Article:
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3 ways to stop departmental silos from crippling project execution

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Departmental silos are viewed as problematic for organizations of all sizes. Silos occur when departments within the same company are resistant to sharing information and working together. 

The lack of shared information ultimately leads to inefficiencies, reduced productivity, and lowering of morale. In today’s customer-centric, omni-channel environment, departmental silos continue to impede companies’ ability to execute complex, enterprise scale projects.

The root cause of a silo mindset is a top-down issue, arising from a conflicted senior leadership team. What are the best-practices that lower-level executives and managers can follow to ensure the silo mindset doesn’t negatively impact their projects? 

Tear down the walls: End departmental silos and watch customer satisfaction soar

Let’s focus on a few fundamental best practices that – in my experience – will deliver the biggest bang for your buck, while not requiring you to move mountains to end departmental silos.

If these fundamental best practices are not followed, projects can be over budget, delayed, and ultimately not deliver what was needed. 

1.) You need executive alignment between the business and IT to be successful

A successful project requires all stakeholders to be aligned – most importantly the departmental executive sponsors responsible for the project.

In a typical organization, business’ role is to identify needed capabilities, and IT’s role is to provide the technology to deliver these capabilities. The initial impediment to alignment is typically who owns the budget, and their subsequent driving of the project as they see fit. 

Regardless of who owns the budget, it’s critical that executive sponsors from IT and the business are aligned on what capabilities the project will deliver, when will they be delivered, and what resources will be required from their respective departments.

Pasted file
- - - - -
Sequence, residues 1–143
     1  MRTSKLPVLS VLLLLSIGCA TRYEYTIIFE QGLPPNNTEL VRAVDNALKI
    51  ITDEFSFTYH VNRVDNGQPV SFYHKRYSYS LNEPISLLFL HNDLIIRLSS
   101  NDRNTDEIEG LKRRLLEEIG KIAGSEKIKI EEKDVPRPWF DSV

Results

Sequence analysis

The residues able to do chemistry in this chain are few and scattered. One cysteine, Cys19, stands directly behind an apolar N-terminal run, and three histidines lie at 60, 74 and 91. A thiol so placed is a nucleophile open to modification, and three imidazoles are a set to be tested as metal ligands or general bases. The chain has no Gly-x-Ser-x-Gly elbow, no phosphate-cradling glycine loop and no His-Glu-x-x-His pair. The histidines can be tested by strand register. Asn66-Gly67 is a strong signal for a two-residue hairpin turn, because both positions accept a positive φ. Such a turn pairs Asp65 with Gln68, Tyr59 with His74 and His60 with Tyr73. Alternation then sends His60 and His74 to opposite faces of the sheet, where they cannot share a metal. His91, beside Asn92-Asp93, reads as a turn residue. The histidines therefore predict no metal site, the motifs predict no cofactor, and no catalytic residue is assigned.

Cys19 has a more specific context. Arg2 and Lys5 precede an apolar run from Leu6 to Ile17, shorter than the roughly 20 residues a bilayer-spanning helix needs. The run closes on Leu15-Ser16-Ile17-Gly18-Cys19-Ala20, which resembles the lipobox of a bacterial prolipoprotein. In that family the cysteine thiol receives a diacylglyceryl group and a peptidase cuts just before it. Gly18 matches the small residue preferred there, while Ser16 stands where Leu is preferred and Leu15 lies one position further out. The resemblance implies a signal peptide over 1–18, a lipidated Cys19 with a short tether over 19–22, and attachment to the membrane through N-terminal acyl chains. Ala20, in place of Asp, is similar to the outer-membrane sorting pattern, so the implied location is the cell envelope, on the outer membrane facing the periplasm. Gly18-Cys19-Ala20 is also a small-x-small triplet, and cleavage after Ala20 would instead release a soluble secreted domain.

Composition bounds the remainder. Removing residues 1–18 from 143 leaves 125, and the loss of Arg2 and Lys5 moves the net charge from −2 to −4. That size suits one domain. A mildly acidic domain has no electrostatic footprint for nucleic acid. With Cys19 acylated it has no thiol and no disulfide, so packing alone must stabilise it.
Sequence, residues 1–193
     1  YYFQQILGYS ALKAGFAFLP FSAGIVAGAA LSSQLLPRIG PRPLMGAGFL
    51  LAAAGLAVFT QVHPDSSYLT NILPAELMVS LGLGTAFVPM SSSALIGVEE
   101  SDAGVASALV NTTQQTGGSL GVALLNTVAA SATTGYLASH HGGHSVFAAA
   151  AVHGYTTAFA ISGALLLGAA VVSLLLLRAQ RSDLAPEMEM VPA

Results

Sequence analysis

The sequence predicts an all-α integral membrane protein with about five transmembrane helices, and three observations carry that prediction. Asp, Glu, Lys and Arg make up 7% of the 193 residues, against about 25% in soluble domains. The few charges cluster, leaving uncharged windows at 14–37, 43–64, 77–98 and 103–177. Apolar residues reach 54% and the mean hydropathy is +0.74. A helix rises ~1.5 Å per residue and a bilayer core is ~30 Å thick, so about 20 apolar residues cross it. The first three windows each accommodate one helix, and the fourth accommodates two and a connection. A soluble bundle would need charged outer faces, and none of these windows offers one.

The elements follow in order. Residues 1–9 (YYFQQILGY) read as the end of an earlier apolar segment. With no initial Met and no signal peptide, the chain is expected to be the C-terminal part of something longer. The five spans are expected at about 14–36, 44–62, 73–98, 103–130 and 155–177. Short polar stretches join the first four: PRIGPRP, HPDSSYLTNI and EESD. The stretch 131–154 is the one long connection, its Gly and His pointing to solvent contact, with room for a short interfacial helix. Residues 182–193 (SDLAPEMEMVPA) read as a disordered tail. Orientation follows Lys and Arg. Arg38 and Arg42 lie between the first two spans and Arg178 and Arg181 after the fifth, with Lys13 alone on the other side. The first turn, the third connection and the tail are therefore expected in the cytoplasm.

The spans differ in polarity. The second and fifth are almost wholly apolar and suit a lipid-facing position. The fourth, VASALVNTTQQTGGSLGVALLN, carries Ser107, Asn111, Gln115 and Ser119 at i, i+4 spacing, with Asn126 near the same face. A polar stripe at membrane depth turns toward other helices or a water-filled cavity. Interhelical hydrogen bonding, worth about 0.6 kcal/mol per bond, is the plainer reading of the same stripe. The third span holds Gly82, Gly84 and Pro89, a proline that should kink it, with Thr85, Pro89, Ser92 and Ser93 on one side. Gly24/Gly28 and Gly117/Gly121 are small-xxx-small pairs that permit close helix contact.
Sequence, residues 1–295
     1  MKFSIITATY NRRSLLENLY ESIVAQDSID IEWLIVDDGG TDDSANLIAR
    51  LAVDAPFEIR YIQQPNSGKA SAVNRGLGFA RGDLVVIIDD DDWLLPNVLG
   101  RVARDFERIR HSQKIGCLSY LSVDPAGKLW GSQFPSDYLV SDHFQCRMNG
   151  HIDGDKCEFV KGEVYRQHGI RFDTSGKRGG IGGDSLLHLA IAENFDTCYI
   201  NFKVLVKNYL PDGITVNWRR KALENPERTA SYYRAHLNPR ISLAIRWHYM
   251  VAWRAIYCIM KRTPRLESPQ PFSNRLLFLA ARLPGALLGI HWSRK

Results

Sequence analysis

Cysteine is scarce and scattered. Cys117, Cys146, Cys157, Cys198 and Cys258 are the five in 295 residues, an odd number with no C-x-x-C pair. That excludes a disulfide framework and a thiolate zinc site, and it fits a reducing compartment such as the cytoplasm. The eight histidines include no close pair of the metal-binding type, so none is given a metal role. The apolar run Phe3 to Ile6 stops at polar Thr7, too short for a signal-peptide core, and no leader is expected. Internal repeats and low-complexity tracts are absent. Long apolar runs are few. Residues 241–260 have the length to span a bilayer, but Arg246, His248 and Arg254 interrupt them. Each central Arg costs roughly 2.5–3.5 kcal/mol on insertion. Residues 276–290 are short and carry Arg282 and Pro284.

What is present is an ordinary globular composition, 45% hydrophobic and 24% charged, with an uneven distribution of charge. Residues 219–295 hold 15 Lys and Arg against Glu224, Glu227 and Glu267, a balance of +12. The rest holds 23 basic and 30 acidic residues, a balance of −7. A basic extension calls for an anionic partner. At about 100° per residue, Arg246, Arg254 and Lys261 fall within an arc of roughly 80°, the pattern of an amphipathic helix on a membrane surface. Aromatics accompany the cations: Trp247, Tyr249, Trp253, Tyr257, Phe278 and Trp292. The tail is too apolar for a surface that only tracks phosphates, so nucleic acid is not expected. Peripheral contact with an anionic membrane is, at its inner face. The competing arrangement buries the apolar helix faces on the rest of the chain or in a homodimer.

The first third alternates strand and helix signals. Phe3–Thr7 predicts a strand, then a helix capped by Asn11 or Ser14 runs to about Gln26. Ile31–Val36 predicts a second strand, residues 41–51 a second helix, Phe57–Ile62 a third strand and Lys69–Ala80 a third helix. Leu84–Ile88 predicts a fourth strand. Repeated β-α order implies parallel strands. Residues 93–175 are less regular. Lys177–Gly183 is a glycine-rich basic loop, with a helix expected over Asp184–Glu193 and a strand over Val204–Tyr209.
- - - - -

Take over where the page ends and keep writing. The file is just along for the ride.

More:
To ensure this alignment, executive sponsors need to engage in recurring steering committee meetings to stay updated and aligned. There needs to be some form of documentation, capturing baseline requirements, and technical approach, as well as a project plan clearly specifying roles and responsibilities for the various team members. 

This baseline documentation should be updated regularly as ongoing dialog, decisions, and priorities shift the agreed-upon plan. While this might sound quite basic, it’s not that unusual for department executive stakeholders not to be aligned. I’ve seen numerous projects where the executive stakeholders from each department have not met or communicated until the initial kickoff meeting, and then disappear until the end of the project. 

2.) IT and the business must leverage a common project management methodology

Typically, IT will own and drive project management and software development methodologies. Even more mature companies with a Project Management Office (PMO) will co-locate the PMO within the IT department. 

While most organizations do have some form of methodology to drive complex, enterprise-scale projects, the methodology hasn’t been fully adopted by the business. This leads to misaligned expectations on what will be delivered, when, and how much it will cost.